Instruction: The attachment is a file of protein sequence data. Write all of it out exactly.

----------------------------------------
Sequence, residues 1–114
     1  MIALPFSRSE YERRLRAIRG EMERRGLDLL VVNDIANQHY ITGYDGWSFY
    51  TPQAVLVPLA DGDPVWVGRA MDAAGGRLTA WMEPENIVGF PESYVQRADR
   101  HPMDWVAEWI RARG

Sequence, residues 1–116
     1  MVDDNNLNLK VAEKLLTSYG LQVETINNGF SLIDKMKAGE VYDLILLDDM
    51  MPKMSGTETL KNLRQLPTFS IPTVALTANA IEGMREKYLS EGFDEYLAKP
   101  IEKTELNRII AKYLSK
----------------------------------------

Sequence, residues 1–114
     1  MIALPFSRSE YERRLRAIRG EMERRGLDLL VVNDIANQHY ITGYDGWSFY
    51  TPQAVLVPLA DGDPVWVGRA MDAAGGRLTA WMEPENIVGF PESYVQRADR
   101  HPMDWVAEWI RARG

Sequence, residues 1–116
     1  MVDDNNLNLK VAEKLLTSYG LQVETINNGF SLIDKMKAGE VYDLILLDDM
    51  MPKMSGTETL KNLRQLPTFS IPTVALTANA IEGMREKYLS EGFDEYLAKP
   101  IEKTELNRII AKYLSK